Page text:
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Crowd delirium

Urbain Grandier, as Aldous Huxley recounts (The Devils of Loudon, 1952), was a French clergyman of the seventeenth century. In 1634 he was executed. He’d been tried and found guilty of witchcraft. This charge had a sexual dimension; the nuns who first accused Grandier (in 1632) said that he had sent devils to seduce them. Of course, no modern person would admit to believing in witchcraft, so it’d surely be hard to find anyone today who thought that Grandier’s burning at the stake in front of a large crowd was warranted. To modern eyes, Grandier’s story comes across as picturesque and barbaric; and, ultimately, remote.

There are some other things relevant to Grandier’s case. (Bear in mind that Grandier was real person.) Despite torture, he never confessed to anything. But he had been critical of authority (specifically, Cardinal Richelieu). He was good looking, and he had a reputation as sexually adventurous.

But anyway, that was a long time ago.

Take Colin Stagg, then. In 1992 he was prosecuted for the murder of Rachel Nickell. Stagg never confessed to anything (despite attempts at entrapment by an undercover police woman, posing as a love interest). No evidence connected him with the crime he was accused of. The Metropolitan Police still went ahead and put him on trial for the murder, literally on the grounds that they believed he was the kind of man who would have done it. The case against him failed – as you’d hope. But the Daily Mail continued to insinuate, for almost a decade, that Stagg was a sexual deviant who had ‘gotten away with murder’. In 2008 a man already committed for murder was convicted of the crime Stagg had been accused of.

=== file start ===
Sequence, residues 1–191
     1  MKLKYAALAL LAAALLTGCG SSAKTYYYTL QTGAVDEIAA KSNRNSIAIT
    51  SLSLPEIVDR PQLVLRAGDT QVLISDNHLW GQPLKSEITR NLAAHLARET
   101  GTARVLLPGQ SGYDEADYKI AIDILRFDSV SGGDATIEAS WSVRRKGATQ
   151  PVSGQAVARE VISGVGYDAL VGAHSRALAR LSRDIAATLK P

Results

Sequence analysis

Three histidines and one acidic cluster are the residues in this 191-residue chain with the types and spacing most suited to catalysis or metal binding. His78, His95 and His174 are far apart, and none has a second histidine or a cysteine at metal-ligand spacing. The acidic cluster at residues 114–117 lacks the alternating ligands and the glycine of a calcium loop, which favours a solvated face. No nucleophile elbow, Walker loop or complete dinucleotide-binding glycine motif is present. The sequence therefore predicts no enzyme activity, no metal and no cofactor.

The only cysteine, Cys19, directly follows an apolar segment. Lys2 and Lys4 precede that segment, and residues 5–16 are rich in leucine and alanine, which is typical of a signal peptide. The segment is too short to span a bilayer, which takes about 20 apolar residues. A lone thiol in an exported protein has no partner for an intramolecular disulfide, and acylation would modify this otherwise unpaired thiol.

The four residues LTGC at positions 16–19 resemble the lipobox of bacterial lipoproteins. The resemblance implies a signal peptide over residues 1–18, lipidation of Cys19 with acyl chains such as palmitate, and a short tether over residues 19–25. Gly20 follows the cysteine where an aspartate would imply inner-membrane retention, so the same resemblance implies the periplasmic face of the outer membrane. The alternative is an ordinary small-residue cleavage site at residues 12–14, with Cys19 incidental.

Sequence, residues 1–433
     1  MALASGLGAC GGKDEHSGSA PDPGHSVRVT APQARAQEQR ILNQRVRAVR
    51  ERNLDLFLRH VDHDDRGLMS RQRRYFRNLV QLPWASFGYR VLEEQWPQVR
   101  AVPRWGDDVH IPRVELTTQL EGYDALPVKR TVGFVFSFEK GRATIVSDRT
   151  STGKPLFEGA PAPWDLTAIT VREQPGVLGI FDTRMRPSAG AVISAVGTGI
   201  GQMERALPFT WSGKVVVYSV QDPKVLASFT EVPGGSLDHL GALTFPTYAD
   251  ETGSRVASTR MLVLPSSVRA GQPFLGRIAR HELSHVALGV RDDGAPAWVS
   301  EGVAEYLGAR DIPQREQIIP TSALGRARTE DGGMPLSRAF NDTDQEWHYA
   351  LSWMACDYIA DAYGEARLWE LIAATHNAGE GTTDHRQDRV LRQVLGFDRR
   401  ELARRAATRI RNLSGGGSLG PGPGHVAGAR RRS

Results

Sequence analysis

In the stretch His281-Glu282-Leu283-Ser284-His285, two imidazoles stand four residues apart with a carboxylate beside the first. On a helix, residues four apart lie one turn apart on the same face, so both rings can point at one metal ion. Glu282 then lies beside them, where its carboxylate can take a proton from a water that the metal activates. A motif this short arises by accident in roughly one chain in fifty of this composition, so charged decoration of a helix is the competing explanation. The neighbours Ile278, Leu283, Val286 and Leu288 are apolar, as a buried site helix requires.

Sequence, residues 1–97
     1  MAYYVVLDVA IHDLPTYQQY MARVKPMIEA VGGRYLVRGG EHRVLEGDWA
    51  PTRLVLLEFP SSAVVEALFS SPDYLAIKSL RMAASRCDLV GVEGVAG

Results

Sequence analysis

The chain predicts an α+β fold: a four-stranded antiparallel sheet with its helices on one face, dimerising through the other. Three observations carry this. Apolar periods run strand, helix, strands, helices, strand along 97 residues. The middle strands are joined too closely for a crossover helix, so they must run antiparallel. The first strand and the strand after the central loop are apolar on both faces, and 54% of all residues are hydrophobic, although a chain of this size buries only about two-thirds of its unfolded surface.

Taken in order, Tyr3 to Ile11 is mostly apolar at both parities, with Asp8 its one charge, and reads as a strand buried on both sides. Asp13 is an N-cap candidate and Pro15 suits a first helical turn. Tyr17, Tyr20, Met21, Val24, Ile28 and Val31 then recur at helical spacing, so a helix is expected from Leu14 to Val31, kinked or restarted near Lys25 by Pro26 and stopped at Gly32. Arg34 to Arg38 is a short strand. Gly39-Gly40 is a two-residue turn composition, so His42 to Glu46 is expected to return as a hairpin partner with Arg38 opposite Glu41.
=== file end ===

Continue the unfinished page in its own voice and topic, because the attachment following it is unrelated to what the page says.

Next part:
Hysteria is a word that’s been used. Huxley suggests ‘crowd-delirium’:

… the crowd-delirium can be indulged in, not merely without a bad conscience, but actually, in many cases, with a positive glow of conscious virtue.

I don’t think it’s reaching too far to suggest that where crowd-delirium exists today, it’s at least partly embodied in newspaper reporting. The 2007 murder of Meredith Kercher in Perugia, Italy, seems to have set off something very nasty. Here’s Sue Carroll in the Mirror:

Articulate and flirtatious with moist Bambi eyes, her status, carefully manipulated by her garrulous publicity-driven parents, morphed from suspected murderer to victim long before the trial. A flight home had been arranged and grandiose plans were afoot for the prodigal daughter’s return with lucrative book deals in the pipeline, movie rights under discussion and TV interviews planned.

The brutal murder of a beautiful young girl in a vile sex game was turned into a side issue. The fact Knox had wantonly and without a single vestige of shame named an innocent man, Patrick Lumumba, as Meredith’s killer was also conveniently forgotten by fans and family.

And here’s Libby Purves in the Times: